The Bundu or Sande Society is a pan-African Association of women found among several West African groups in Guinea, Liberia, and Sierra Leone. It educates and initiates young girls so as to enable them to assume their place in an adult society as wives and mothers and as social and political leaders. Entry into this society confers not only political power, but also introduces members to the association’s role in promoting wellness and treating disease. As a result, it is also a medicine society that employs both spiritual and physical therapies to help those in need, especially women and children.
Educated in the precepts of physical and spiritual feminine beauty, Bundu members uphold centuries-old standards of behavior and participate in local and regional governance. They also materialize both physical and spiritual values in a masked masquerade that is also the vehicle for contact with the ancestors.
Bundu masks, which are the focus of this exhibition and the catalogue that accompanies it, are unique in sub-Sahara Africa in that they are the only ones worn by women in public masquerades. These sowei helmet masks, which are diverse in form, are worn by female masqueraders draped in black raffia who embody the society’s spirit and serve as intermediaries with the ancestors.
This exhibition presents sixty sculptures that display the wonderful stylistic diversity of these masks among the Bassa, Gola, Mende, and Vai peoples of Africa.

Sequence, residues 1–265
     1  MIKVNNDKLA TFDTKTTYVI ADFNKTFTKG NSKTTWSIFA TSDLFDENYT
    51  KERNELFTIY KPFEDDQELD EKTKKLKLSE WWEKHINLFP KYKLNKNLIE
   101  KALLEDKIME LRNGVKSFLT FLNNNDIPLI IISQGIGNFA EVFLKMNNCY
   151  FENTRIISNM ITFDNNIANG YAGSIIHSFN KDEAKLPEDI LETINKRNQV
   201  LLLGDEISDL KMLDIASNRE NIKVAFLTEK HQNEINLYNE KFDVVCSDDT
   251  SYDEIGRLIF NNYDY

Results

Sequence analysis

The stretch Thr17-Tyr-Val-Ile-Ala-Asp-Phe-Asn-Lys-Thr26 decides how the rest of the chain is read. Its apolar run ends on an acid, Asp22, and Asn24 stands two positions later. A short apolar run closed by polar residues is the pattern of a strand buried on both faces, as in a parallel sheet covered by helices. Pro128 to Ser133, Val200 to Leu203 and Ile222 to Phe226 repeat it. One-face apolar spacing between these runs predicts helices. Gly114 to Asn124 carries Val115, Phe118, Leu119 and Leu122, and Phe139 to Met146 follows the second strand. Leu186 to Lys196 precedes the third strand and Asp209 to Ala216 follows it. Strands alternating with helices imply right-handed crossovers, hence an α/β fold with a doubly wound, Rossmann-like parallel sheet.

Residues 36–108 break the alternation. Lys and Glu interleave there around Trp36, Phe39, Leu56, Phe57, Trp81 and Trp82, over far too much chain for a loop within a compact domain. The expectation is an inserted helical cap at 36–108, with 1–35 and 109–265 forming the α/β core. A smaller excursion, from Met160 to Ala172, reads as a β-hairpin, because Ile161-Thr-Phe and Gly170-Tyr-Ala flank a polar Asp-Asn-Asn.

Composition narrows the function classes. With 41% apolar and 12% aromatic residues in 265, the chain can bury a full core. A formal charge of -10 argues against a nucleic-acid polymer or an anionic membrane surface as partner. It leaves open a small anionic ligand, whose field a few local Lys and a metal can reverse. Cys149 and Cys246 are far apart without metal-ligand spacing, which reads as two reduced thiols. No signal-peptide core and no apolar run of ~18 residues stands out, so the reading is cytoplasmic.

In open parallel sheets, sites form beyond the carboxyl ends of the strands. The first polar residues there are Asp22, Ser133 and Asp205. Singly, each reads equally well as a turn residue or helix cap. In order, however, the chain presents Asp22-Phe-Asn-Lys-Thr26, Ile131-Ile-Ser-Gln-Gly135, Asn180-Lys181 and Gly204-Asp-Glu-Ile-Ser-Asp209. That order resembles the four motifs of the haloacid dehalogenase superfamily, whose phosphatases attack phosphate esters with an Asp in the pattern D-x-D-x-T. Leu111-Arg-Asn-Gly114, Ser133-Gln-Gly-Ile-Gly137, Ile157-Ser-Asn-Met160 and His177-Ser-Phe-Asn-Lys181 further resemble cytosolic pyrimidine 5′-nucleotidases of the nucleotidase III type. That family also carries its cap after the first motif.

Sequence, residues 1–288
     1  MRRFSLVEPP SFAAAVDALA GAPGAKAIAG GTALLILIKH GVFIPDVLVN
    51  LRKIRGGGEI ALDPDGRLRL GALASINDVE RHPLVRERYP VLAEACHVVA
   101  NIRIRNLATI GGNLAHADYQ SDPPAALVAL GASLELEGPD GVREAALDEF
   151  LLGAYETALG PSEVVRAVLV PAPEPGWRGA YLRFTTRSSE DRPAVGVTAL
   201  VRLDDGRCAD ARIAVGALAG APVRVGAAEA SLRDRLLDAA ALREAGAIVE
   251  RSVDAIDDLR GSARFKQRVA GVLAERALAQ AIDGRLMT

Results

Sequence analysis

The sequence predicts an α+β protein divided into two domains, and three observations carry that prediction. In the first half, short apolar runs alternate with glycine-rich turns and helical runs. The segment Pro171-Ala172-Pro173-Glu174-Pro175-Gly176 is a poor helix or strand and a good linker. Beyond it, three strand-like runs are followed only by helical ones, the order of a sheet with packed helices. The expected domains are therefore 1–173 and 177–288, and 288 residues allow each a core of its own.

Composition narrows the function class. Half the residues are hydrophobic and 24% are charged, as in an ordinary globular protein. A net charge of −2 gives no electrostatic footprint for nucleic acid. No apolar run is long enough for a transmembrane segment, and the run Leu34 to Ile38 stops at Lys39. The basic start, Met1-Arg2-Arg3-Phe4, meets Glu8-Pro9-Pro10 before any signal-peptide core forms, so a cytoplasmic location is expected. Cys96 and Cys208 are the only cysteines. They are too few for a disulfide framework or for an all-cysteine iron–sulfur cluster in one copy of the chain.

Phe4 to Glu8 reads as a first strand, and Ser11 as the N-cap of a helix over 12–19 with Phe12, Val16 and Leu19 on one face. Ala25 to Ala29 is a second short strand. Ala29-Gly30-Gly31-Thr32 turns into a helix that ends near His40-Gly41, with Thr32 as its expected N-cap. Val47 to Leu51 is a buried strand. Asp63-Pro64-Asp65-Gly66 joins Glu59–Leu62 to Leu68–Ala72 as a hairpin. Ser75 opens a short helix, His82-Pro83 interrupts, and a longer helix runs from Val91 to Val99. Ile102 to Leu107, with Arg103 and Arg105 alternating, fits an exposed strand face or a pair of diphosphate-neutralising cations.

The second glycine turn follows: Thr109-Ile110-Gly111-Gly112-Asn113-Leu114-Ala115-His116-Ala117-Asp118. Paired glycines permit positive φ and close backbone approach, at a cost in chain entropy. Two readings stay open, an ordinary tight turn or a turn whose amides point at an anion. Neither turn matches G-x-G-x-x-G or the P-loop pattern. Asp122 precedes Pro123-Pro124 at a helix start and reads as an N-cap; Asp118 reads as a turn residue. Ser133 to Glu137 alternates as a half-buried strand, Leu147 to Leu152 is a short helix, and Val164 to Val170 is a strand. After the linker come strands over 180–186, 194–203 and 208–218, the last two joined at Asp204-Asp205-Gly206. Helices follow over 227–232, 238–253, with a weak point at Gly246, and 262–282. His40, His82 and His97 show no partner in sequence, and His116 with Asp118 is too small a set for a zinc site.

The catalogue that accompanies the exhibition is an outstanding ethnographic contribution to our understanding of this society and its sculptural expressions. In it are illustrated a total of ninety-five sculptures associated with the society. Eighty-four of these are Bundu helmet masks. This represents the largest collection of Bundu society helmet masks ever illustrated in one volume.
This volume is authored by two Africanist scholars, Gavin H. Imperato and Pascal James Imperato, both with extensive field research experience in Africa. They are also physicians who were initially drawn to the Bundu society because of its vital role as a medicine society. Its leaders serve as midwives and also treat the medical problems of women and children. The Imperatos realized early on that the success of modern public health and medical programs depended to an important degree on the support of Bundu society members and leaders.
The authors have enriched their 110 page text with 47 field photographs and detailed discussions of the organization, functions, and belief system of the society. They also describe the complex symbolism of the various stylized forms present on masks. A unique element of their scholarship is their detailed analysis of descriptions of the society from the seventeenth century to the present day.
Comprehensive and unique and a wonderful tribute to African women for their roles as societal leaders and healers, BUNDU also represents an exciting appreciation of the beauty of feminine masks in Africa.